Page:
Articles in regional publications that pertain to a wide range of North Carolina-related topics.
for Preview Vol. Issue , Winter 2013
Currently viewing results 1 - 2
The Museum’s newest acquisition of contemporary art is Kehinde Wiley’s "Judith and Holofernes" (2012). Wiley is known for his monumental portraits of African Americans placed in historical poses and settings appropriated from Old Master paintings. Wiley is known for critiquing the racism of art history and this portrait references a 17th century painting by Giovanni Baglione, Judith and the Head of Holofernes (1608). Wiley’s painting can be interpreted as a comment on racial and gender identity and inequity, the representation of women throughout art history, and society’s ideals for beauty.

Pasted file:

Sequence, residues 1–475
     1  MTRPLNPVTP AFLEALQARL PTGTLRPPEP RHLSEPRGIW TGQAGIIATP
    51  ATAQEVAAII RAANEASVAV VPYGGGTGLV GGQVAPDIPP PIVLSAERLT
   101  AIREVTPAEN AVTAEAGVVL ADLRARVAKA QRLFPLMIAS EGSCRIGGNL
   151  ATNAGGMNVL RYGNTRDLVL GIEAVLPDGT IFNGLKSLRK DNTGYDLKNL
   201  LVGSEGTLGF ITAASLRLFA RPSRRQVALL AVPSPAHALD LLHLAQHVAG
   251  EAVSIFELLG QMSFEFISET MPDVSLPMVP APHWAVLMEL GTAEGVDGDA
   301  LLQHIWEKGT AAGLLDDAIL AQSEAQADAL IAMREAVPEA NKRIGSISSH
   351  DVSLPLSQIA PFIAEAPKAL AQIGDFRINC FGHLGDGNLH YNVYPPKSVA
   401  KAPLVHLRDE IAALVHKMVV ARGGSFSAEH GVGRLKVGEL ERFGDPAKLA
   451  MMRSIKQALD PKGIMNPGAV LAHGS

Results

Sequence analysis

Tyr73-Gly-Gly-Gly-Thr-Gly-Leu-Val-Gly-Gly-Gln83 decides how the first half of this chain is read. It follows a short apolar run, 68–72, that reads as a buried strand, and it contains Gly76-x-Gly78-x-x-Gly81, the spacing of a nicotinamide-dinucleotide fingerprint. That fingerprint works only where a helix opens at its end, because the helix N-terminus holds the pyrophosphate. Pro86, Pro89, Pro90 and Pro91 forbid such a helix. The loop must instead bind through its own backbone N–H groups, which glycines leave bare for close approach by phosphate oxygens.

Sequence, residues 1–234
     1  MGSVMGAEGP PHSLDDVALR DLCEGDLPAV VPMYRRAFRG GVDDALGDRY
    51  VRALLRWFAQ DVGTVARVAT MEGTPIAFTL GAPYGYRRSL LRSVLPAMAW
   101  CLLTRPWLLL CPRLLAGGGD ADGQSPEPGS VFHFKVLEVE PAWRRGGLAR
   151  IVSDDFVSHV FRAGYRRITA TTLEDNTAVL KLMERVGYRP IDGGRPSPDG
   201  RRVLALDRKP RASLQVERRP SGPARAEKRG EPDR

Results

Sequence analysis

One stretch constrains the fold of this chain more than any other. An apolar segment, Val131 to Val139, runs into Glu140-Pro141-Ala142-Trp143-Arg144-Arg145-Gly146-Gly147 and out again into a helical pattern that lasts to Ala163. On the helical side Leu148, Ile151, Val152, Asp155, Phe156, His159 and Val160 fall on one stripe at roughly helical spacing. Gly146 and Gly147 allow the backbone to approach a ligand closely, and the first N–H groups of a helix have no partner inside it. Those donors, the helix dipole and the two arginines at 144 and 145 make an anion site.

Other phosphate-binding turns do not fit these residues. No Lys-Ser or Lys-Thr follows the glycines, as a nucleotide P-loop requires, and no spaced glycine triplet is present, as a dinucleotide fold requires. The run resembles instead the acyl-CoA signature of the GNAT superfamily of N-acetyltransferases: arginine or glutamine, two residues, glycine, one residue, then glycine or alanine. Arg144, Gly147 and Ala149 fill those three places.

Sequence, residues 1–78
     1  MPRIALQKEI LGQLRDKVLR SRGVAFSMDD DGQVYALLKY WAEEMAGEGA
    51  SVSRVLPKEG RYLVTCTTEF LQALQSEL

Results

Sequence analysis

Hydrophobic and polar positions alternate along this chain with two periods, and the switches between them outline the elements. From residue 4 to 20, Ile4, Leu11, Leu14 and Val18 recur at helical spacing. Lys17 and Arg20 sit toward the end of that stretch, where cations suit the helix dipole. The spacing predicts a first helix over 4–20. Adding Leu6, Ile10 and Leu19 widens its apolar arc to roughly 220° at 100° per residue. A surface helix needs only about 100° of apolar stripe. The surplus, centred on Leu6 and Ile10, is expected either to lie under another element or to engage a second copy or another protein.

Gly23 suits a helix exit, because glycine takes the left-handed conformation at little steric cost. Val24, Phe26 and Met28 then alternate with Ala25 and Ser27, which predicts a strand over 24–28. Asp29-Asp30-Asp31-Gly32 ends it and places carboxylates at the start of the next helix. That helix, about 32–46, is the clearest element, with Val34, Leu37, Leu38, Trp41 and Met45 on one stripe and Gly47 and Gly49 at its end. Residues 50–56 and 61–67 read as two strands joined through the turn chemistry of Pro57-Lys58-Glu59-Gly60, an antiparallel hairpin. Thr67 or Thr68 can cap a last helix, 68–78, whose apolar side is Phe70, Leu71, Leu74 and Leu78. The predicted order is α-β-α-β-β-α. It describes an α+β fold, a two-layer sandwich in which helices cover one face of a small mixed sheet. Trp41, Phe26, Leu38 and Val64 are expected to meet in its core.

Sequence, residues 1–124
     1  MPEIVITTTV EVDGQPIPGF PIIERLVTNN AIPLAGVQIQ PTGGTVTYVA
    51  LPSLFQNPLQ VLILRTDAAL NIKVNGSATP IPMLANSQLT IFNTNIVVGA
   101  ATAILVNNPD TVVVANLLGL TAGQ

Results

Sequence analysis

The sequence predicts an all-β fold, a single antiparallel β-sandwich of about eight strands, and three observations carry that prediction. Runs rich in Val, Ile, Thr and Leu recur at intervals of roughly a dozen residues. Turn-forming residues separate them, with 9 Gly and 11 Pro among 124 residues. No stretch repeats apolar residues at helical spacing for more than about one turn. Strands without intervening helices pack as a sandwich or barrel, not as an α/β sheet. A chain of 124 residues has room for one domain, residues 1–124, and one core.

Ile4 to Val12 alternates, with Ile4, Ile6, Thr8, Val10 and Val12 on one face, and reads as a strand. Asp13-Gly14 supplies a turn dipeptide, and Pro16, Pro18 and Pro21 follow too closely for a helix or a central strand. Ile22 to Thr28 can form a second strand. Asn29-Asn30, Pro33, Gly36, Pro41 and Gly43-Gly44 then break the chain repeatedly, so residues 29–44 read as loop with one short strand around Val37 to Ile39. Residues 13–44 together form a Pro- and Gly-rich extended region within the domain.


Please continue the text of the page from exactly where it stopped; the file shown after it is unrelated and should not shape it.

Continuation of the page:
The challenge of presenting a borrowed exhibit from a new perspective is discussed by John Coffey. Coffey is the curator of the show Still Life: Masterpieces on loan from the Museum of Fine Arts, Boston. Coffey discusses why the exhibit was brought to Raleigh, how museum’s plan for the installation of an exhibit, the reason for the placement of certain of the artworks, and other details about the exhibit.